For the above two cases, their solutions are also very simple: to unregister an event (i.e. remove event listening) and to call the dispose method (if not, implement the IDisposable interface and destroy the unmanaged resources in it).

For the second case, it’s easy to understand; for the first case, the question is, why does not remove event monitoring lead to memory leakage? This is because event sources have a longer life cycle than event listeners. Look at the code:


ObjectA objA = new ObjectA(); 

ObjectB objB = new ObjectB(); 

objA.Event += objB.EventHanlder;

The event event is defined in objecta, for which we register an event handler (eventhanlder method in object objb); therefore, the event source obja has a reference to the event listener objb.

If obj B is no longer used, we will destroy it, but because obj a references it, it will not be destroyed or recycled; it can not be destroyed until obj A is destroyed. So the object that needs to be destroyed, but because of the reference of other objects to it, results in a memory leak.

How to solve

Go back to the problem of custom controls, because our custom controls may be overridden by styles or templates, which will make onapplytemplate method executed multiple times in the life cycle of this custom control. Therefore, we need to unregister events for those controls (such as btnview control in the above code) that are obtained through the gettemplatechild method and have event handling added. Because these are the controls (elements) in the previous template, after de registration, there is no reference relationship between the original control and the event listener (the custom control itself), so as to avoid the problem of memory leakage.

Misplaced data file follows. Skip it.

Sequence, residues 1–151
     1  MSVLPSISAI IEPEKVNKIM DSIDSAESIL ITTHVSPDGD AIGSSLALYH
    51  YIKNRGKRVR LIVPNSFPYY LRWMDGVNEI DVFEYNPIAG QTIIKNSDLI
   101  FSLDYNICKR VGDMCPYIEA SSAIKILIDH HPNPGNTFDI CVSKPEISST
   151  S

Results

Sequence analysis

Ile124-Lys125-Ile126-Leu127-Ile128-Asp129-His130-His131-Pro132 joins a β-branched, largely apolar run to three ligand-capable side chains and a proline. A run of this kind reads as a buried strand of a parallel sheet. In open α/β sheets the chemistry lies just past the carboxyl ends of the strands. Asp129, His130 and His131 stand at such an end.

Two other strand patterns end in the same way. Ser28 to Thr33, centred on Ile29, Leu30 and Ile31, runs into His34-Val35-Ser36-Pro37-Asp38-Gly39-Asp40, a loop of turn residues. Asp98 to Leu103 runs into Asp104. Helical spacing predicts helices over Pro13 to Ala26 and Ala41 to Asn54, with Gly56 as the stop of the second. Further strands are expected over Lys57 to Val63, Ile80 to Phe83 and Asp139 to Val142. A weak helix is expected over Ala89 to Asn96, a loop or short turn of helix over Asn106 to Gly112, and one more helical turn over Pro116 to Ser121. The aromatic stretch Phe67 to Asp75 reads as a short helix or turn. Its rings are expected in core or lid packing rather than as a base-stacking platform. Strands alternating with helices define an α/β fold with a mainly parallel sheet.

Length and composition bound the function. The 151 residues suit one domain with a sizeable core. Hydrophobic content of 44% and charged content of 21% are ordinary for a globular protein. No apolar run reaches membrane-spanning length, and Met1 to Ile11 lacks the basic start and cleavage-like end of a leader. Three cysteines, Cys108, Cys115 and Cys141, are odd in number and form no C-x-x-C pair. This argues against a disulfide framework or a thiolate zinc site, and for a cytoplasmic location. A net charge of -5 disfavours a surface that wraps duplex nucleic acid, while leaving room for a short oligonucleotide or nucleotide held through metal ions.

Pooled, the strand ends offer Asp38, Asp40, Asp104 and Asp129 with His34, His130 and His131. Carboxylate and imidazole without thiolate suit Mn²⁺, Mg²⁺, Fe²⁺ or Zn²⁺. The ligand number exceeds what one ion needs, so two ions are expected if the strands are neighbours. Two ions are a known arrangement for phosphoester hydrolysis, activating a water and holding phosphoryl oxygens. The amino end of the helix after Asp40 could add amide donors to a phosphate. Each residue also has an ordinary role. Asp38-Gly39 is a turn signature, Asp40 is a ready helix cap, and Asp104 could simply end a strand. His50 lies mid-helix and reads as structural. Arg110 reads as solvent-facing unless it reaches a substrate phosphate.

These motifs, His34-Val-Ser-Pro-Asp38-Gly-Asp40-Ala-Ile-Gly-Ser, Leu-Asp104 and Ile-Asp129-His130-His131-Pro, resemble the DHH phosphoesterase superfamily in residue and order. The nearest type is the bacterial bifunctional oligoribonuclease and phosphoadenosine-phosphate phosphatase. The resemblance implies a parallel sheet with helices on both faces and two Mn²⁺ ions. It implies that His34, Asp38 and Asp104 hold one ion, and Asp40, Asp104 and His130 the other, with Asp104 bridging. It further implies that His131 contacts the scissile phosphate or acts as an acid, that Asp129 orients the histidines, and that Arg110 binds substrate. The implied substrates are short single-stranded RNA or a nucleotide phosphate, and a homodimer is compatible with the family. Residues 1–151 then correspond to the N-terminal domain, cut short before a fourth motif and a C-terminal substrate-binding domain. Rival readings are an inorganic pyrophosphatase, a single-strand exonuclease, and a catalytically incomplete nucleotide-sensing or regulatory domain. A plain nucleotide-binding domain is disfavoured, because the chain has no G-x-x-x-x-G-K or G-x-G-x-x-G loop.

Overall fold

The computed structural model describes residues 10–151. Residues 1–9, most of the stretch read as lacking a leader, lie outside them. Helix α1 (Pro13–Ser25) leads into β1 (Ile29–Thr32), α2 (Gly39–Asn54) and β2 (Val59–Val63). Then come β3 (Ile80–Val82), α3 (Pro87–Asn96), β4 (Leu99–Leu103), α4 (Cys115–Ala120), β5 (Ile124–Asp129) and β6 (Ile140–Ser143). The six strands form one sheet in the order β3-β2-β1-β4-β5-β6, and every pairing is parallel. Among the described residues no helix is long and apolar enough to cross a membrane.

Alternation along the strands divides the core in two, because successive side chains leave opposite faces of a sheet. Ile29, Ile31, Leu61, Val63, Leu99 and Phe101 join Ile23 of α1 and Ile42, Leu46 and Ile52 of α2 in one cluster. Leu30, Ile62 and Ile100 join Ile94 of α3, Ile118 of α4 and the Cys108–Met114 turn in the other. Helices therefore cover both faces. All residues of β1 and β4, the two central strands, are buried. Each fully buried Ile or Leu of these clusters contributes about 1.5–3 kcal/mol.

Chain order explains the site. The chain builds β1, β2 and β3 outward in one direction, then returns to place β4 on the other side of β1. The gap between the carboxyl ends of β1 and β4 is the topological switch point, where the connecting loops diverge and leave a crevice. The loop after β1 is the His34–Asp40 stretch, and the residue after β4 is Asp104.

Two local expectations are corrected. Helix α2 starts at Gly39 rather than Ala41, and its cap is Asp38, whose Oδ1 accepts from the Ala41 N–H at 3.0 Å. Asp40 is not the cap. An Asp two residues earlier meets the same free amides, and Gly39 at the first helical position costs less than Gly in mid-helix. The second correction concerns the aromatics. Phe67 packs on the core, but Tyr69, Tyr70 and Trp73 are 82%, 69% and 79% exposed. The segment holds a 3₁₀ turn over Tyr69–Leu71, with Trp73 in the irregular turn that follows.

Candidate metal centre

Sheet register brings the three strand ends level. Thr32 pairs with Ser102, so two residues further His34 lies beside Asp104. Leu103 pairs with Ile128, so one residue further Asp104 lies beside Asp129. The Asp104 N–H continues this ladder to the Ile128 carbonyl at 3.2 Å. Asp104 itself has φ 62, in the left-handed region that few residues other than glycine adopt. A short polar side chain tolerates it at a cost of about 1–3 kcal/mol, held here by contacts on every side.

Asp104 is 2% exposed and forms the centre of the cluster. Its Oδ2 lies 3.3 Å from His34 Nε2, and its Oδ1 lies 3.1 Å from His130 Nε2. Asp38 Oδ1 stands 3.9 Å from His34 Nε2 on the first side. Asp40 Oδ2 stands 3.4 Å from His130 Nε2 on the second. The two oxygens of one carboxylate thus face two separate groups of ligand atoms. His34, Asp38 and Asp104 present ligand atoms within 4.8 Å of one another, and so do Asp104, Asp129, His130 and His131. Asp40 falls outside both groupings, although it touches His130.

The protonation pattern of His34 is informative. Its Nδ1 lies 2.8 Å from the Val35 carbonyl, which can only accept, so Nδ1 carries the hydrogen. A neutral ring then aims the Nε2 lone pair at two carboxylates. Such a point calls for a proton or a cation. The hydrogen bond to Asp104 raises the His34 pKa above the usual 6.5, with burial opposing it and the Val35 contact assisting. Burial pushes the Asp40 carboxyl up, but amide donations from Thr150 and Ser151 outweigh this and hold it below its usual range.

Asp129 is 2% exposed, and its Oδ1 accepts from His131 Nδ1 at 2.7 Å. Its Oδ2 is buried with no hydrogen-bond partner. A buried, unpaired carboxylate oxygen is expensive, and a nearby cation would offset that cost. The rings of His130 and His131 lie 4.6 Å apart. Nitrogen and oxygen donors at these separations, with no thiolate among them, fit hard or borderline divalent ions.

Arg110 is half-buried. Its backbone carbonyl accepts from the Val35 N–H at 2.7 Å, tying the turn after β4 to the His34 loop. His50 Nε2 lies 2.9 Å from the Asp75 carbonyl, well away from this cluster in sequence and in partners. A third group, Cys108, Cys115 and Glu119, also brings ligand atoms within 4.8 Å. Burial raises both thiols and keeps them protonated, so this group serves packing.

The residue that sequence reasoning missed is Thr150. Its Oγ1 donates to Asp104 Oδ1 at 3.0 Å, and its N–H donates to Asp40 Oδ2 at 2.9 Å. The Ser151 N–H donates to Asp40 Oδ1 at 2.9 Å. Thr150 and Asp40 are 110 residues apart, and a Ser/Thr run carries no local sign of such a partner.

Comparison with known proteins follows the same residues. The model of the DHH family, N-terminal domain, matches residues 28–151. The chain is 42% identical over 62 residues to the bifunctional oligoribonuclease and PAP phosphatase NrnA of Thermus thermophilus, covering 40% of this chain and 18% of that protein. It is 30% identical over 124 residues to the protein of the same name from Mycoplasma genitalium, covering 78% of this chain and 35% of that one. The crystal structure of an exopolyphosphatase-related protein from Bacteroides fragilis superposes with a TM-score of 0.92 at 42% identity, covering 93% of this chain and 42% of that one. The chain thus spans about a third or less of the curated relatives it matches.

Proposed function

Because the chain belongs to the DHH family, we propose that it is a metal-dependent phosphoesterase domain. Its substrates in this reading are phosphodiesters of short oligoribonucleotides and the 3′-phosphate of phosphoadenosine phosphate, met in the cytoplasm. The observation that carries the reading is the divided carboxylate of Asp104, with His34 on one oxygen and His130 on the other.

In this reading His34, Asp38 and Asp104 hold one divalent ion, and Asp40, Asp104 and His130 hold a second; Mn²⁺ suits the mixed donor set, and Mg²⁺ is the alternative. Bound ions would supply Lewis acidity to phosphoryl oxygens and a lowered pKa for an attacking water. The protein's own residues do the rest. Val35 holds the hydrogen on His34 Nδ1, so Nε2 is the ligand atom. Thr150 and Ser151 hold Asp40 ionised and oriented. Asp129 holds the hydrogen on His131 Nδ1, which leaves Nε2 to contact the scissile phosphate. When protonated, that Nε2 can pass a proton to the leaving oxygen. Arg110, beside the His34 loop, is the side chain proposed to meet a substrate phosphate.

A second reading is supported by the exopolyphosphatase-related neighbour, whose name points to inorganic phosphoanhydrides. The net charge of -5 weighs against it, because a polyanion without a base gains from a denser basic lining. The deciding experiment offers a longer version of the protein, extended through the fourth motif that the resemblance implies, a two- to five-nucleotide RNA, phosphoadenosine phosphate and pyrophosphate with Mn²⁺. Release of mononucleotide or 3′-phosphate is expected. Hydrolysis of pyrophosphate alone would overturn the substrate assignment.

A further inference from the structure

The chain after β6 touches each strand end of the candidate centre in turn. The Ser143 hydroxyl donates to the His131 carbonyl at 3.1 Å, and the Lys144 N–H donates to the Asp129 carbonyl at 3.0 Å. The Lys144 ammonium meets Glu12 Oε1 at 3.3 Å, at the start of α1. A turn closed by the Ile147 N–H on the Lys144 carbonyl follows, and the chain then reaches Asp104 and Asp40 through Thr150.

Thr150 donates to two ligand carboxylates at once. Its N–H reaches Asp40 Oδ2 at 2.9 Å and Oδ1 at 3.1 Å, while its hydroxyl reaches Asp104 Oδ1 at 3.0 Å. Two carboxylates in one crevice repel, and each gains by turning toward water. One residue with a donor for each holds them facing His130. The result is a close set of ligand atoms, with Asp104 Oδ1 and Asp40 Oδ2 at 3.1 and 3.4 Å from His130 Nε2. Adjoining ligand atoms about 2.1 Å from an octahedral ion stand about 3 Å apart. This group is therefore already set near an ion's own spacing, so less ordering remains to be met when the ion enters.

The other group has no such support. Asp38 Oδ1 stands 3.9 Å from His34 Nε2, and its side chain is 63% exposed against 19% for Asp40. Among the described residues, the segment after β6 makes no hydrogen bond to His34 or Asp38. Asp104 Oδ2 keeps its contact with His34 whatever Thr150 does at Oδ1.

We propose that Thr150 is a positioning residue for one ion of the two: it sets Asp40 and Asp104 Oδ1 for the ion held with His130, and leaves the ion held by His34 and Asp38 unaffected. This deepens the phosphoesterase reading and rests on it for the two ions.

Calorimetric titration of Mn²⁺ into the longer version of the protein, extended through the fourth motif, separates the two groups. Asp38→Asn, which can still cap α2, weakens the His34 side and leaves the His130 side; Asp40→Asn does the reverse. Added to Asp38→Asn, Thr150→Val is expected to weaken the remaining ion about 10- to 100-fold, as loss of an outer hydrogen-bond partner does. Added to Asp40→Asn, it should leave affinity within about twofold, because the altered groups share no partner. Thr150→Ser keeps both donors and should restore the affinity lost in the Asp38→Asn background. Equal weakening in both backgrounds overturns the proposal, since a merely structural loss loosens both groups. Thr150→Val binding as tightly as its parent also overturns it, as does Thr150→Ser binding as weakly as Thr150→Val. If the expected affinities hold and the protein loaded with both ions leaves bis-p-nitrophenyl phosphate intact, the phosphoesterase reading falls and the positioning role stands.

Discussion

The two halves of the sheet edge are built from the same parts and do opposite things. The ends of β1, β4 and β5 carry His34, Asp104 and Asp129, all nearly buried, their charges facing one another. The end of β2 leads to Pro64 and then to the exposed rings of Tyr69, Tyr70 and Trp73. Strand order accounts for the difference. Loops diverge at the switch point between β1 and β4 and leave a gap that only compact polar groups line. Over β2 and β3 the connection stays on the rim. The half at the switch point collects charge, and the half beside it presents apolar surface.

According to our solution, the previous code is reconstructed as follows:

private Button btnView = null;
  public override void OnApplyTemplate()
  {
   base.OnApplyTemplate();
   //First unregister event
   if (btnView != null)
   {
    btnView.Click -= BtnView_Click;
   }
   btnView = GetTemplateChild("PART_ViewButton") as Button;
   if (btnView != null)
   {
    btnView.Click += BtnView_Click;
   }
  }
  private void BtnView_Click(object sender, RoutedEventArgs e)
  {
   //Write response logic here
  }